‘ISIS Only, or a Real Effort Against Iranian Aggression?’ Former Bush Administration Official Elliot Abrams on Trump’s Syria Dilemma
As speculation grew on Wednesday over the prospect of a unified Arab military presence replacing US troops currently stationed in Syria, one of America’s leading foreign policy analysts cautioned against overly-high expectations of such a force, arguing that the larger issue of President Donald Trump’s overarching strategy in the region remains unaddressed.
“It all depends on what the president decides is our goal in the Middle East: ISIS only, or a real effort against Iranian aggression,” Elliott Abrams — who served as deputy assistant to the president and deputy national security adviser in the George W. Bush administration — told The Algemeiner, when asked about what the mandate of such a force might involve.
A number of US media outlets reported on Wednesday that John Bolton, the newly-appointed national security adviser to President Donald Trump, had sounded out Egyptian, UAE, Saudi, Jordanian and other Arab leaders about contributing troops and funds to the prospective force — not the first time, reminded Abrams, that such an idea has been raised.
“Years ago, during the Obama administration, the Saudis and others told the US they would join us in efforts against Iran,” Abrams said. “The Obama administration was interested only in the JCPOA (the 2015 nuclear deal with Iran), and did not wish to push back on Iran energetically lest that nuclear deal be put in jeopardy.”
Abrams, who is now a senior fellow for Middle Eastern studies at the Council on Foreign Relations (CFR) in Washington, DC, speculated that “perhaps the Arabs are making the same offer again.”
Either way, he added, “let’s be clear: they will join with us and follow, but only if we lead.”
Abrams emphasized that “the United States needs to make the key decision: to push back against Iran or not.”
Asked about how Israel might respond to such a force, Abrams suggested that the government and the IDF would be underwhelmed by its impact.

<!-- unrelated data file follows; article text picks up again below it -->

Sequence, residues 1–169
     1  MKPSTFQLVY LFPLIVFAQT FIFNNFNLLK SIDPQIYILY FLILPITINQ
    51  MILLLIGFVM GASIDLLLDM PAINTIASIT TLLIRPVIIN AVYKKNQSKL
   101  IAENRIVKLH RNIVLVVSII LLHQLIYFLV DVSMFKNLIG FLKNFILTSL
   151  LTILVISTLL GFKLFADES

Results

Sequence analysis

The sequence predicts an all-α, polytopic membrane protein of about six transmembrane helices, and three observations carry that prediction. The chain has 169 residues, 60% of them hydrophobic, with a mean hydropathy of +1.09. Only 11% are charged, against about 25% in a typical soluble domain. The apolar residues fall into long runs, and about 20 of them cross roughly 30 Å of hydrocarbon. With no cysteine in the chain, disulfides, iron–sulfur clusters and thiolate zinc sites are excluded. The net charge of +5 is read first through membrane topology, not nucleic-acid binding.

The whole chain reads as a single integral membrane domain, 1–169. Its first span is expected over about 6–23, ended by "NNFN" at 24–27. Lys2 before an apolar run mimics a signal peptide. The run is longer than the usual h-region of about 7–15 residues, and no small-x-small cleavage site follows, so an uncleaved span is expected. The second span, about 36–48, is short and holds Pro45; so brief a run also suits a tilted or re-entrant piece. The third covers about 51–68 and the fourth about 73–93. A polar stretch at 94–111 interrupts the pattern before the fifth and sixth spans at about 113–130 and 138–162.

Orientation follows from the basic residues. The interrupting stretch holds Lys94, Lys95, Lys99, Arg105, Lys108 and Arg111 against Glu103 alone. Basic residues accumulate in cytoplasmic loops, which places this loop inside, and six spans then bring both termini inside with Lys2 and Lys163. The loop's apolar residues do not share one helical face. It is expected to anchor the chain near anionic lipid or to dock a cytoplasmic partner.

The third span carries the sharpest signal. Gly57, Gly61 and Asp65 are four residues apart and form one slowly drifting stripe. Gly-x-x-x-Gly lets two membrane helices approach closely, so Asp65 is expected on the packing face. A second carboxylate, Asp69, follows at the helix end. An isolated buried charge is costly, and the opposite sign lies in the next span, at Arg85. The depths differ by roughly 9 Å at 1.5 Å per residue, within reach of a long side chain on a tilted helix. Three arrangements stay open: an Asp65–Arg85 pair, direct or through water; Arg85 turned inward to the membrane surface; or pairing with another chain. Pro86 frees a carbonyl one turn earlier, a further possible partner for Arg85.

“Israel knows that the presence of some Arab troops may add some legitimacy, but will add little or nothing militarily,” he said. “They will not object.”
At the same time, Abrams questioned the efficacy of assembling such a force.
“Arab states have little or no expeditionary capability,” he said. “(Egyptian President Abdel Fattah) el-Sisi declined the Saudi request to participate in the war in Yemen, knowing that his army was not able to do it. So I would view Arab participation as an important political gesture, with little military significance.”
An estimated 2,000 US troops are currently spread across hundreds of miles of territory in northeastern Syria, where their mission since 2015 has focused on the defeat of ISIS. President Trump’s off-the-cuff remark on Apr. 4 about drawing down the US presence “very soon” — subsequently walked back by the White House — has fueled concerns that Trump does not consider blocking Iran’s expansion into Syria, in the wake of the military defeats inflicted on ISIS, to be a priority. The Pentagon, meanwhile, is known to be anxious about the proximity of US personnel to Iranian, Syrian regime and Russian troops, as well as the growing number of Islamist militias and foreign mercenaries who are also on the ground.
While US defense officials have spoken in general terms since Trump’s Apr. 4 comment about ongoing efforts in Syria, their published statements have avoided discussion of Iran as a factor that the US or its potential successor force in the war-ravaged country will have to contend with. On Apr. 5, White House spokeswoman Sarah Huckabee Sanders specified that “the United States and our partners remain committed to eliminating the small ISIS presence in Syria that our forces have not already eradicated,” but would not conjecture over when precisely the US would consider its mission to have been achieved.
“That determination will be made by the Department of Defense and the secretary of defense,” she said.